When guitar players start exploring different heavy metal styles, inevitably, they come across neoclassical players such as Yngwie Malmsteen and Michael Romeo, and want to replicate that neoclassical sound. So what are the neoclassical scales and how do we play them… ?
Neoclassical guitar scales are really, really fun. By playing neoclassical scales on guitar, we can create some incredibly rich and interesting sounds in our playing an improvising.
Lets take a look at some of these neoclassical scales and how we can use them in our guitar playing:
The Harmonic Minor Scale
The original king of neoclassical guitar scale, the harmonic minor scale has an unmistakable sound. The harmonic minor scale has the intervals:
1 2 b3 4 5 b6 7
and if we were playing C harmonic minor, we would get the following notes:
C D Eb F G Ab B
Harmonic Minor Scale Tab
Harmonic Minor Scale Fretboard Diagram
How to Use The Harmonic Minor Scale
You can play a harmonic minor scale over any minor chord with the same root note. For example, if you are playing over E minor, try an E harmonic minor scale.
It’s a very cool scale and one that you will have a lot of fun with!
The Phrygian Dominant Scale
If you thought the harmonic minor had a cool sound, just wait until you hear this.
Named due to its similarity with the phrygian mode, the phrygian dominant can be thought of as a phrygian scale with a major third, creating the 1 M3 P5 m7 intervals in a dominant chord.
The scale has the intervals:
1 b2 3 4 5 b6 b7
and if we were playing C phrygian dominant, we would get a neoclassical scale with the following notes:
C Db E F G Ab Bb
Phrygian Dominant Scale Tab
Phrygian Dominant Scale Fretboard Diagram
How to Use The Phrygian Dominant Scale
To use this neoclassical guitar scale to maximum effect, play it over a major chord, ideally the V chord in a key.
So, if you were playing in the key of A minor, with the chords progression:
Am C Am E
Where the E chord is a V chord, we could play E phrygian dominant over the top.
The phrygian dominant scale is a neoclassical sounding guitar scale that works great over V chords and also any secondary dominant chords.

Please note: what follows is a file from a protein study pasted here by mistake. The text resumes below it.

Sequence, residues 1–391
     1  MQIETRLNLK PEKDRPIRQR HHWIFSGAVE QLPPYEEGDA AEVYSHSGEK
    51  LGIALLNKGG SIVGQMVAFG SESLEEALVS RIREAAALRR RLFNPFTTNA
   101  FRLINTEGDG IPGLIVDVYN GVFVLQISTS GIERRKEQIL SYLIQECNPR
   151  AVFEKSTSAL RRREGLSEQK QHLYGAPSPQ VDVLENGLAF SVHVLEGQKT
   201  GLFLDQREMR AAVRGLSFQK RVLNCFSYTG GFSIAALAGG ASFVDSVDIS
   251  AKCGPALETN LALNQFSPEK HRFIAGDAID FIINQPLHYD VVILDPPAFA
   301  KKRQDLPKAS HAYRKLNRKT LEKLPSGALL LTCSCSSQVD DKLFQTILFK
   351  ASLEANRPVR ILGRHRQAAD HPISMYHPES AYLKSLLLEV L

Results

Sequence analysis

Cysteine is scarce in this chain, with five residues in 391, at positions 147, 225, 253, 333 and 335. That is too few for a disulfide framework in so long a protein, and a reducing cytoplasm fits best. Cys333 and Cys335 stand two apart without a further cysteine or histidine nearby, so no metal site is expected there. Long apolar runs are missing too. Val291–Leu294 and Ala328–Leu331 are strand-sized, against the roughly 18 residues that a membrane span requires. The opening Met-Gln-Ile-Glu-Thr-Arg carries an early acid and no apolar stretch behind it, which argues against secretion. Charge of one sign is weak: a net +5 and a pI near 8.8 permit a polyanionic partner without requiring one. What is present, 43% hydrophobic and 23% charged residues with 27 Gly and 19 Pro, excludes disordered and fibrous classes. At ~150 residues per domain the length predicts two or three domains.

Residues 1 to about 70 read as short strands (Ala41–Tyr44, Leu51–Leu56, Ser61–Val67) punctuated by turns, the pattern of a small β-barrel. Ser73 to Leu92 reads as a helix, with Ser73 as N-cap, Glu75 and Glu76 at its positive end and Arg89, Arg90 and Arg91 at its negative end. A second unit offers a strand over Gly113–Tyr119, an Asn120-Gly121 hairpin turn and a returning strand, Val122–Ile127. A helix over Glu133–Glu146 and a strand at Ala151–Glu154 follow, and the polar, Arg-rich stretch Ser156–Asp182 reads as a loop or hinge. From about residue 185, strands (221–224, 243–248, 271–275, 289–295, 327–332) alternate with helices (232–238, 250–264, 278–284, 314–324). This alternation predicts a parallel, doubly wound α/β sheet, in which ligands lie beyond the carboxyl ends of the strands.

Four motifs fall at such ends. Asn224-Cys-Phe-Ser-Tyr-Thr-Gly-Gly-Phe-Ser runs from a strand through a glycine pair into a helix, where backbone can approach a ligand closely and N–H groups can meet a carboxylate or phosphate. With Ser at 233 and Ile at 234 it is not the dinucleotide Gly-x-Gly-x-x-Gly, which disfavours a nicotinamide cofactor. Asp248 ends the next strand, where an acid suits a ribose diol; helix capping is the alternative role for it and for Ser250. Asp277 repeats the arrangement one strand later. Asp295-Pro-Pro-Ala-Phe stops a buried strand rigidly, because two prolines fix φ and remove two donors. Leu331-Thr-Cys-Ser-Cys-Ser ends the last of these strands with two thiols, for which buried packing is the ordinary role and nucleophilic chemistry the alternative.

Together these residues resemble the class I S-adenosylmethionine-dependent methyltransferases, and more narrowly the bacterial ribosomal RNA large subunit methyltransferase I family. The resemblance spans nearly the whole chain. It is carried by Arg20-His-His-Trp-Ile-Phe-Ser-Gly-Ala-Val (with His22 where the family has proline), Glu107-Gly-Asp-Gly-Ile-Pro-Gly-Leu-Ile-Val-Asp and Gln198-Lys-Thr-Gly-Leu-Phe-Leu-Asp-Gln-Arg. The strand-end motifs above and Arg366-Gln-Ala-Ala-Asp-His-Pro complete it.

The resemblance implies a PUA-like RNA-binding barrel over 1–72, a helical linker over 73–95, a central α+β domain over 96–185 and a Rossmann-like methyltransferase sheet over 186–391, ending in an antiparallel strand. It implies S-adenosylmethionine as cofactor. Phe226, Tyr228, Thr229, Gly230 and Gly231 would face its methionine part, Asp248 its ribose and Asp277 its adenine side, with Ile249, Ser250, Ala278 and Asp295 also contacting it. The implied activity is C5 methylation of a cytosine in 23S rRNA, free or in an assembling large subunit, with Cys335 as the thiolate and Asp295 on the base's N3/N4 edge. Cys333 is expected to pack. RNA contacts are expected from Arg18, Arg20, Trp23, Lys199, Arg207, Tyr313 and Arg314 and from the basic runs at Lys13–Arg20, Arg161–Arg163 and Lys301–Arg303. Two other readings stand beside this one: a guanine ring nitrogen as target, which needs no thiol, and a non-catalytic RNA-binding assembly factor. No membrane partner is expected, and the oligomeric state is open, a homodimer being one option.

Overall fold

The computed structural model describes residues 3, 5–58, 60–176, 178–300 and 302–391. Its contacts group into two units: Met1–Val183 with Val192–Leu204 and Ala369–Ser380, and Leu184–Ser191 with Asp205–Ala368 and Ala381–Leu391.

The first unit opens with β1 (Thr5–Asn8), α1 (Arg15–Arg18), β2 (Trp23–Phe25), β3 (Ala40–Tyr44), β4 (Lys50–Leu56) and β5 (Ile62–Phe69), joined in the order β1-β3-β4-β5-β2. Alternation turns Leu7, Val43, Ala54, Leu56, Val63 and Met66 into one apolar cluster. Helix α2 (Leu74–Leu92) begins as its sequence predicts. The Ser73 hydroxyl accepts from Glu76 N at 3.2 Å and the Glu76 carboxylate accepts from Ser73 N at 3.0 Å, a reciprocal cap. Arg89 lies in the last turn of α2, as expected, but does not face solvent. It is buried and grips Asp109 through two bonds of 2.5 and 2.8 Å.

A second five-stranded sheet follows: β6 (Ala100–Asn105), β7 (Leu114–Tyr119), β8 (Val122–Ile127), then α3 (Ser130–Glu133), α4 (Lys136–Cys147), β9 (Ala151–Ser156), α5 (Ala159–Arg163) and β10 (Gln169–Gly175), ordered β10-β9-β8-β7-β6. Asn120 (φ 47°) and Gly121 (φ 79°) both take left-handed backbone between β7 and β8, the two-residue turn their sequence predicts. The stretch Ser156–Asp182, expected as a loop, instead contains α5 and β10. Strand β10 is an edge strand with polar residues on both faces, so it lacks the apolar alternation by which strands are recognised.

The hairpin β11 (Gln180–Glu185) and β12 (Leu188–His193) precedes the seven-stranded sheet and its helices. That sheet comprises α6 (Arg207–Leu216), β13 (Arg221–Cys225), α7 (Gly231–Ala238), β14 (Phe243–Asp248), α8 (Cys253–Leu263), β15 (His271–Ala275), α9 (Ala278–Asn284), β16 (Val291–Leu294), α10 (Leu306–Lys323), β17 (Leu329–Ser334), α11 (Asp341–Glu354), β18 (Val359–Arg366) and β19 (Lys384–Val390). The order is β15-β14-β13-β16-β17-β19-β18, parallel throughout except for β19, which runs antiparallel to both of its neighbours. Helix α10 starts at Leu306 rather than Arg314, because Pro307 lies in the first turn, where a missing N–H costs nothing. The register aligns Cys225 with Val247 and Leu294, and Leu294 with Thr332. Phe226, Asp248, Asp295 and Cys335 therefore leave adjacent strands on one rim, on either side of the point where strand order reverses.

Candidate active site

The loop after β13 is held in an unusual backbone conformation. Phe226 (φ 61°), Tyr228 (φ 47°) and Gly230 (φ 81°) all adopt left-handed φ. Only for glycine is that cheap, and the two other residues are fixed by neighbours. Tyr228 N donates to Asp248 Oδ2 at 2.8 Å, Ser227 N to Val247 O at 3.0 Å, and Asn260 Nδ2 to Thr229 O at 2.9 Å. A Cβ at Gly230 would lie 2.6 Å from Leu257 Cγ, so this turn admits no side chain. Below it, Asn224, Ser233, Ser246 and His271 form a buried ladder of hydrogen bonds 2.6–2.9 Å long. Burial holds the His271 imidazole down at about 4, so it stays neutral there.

The Melodic Minor Scale
This scale is heard less often in metal and more often in jazz and classical, but it is still a great scale and we can get some awesome neoclassical sounds from it.
There are two ways to approach playing the melodic minor scale, the traditional classical way, and the jazz way. We will take a look at both:
Classical Way of Playing the Melodic Minor Scale
In the strict classical way of playing the scale, we play the melodic scale differently when ascending and descending.
When ascending, we use the following intervals:
1 2 b3 4 5 6 7
And when descending, we use the natural minor scale:
1 2 b3 4 5 b6 b7
If we were to ascending and descend through a C melodic minor scale, using it in the classic sense, we would get:
C D Eb F G A B C Bb Ab G F Eb D C
‘Classical’ Melodic Minor Scale Tab
‘Classical’ Melodic Minor Scale Neck Diagrams
Jazz (Rock) Melodic Minor Scales
The jazz (or sometimes rock) approach to this scale is to play it the same ascending and descending. So, we use the intervals:
1 2 b3 4 5 6 7
When ascending and descending. An example in C melodic minor would be:
C D Eb F G A B C B A G F Eb D C
Jazz Melodic Minor Scale Tab
Jazz Melodic Minor Scale Neck Diagram
How to Use The Melodic Minor Scale
Similar to the harmonic minor scale, the melodic minor scale can be used over any minor chord with the same root. For example, if we were playing in the key of C minor, we could play C melodic minor over the Cm chord.
The Mixolydian b6 Scale
This scale is the grand daddy of neoclassical sounding scales over dominant chords.
As the name suggests, we have a mixolydian scale, with a b6:
1 2 3 4 5 b6 b7
So if we were playing C mixolydian b6, we would get:
C D E F G Ab Bb
Mixolydian b6 Tab
Mixolydian b6 Neck Diagram
How to Use Mixolydian b6
As you might expect, the mixolydian b6 sounds awesome over dominant chords. It creates a nice alternative to the mixolydian and phrygian dominant modes.
The Hungarian Minor Scale
This one is pretty exotic but again, has some great sounds. The Hungarian Minor is an interesting neoclassical scale, and has the following intervals:
1 2 b3 #4 5 b6 7
An interesting feature of this scale is the #4 5 b6 in the intervals, creating a chromatic section inside the scale.
If we were to play this neoclassical scale in C, we would get the notes:
C D Eb F# G Ab B
Hungarian Minor Tab
Hungarian Minor Neck Diagram
Notes on the Hungarian Minor Scale
As you can see from the tab and diagram, I opted to arrange this scale slightly differently than the others. The other scales use a 4 note / 3 note arrangement, which most of the time works great. However, with the Hungarian Minor Scale, that arrangement creates some really awkward patterns, so I instead chose the above pattern.
The above pattern is one way of approaching scales for location-soloing, which is a way of looking at scale patterns that is great for improvisation and gives more flexible melodic ideas than the two string scales we’ve been using.
Using the Hungarian Minor Scale
The Hungarian Minor Scale works effectively over minor chords, but not minor 7 chords, due to the 7 in the scale.
If played from the 5th, over a major chord with the same root note as the 5th, we get the Byzantine Scale, which has a very cool and exotic sound.
The Hirajoshi Scale
The Hirajoshi scale is another scale that has a great neoclassical sound to it.
Which Neoclassical Guitar Scale Do You Like Best?
These scales all have distinctive and unique sounds, and you can have a lot of fun exploring them! Which one do you like best?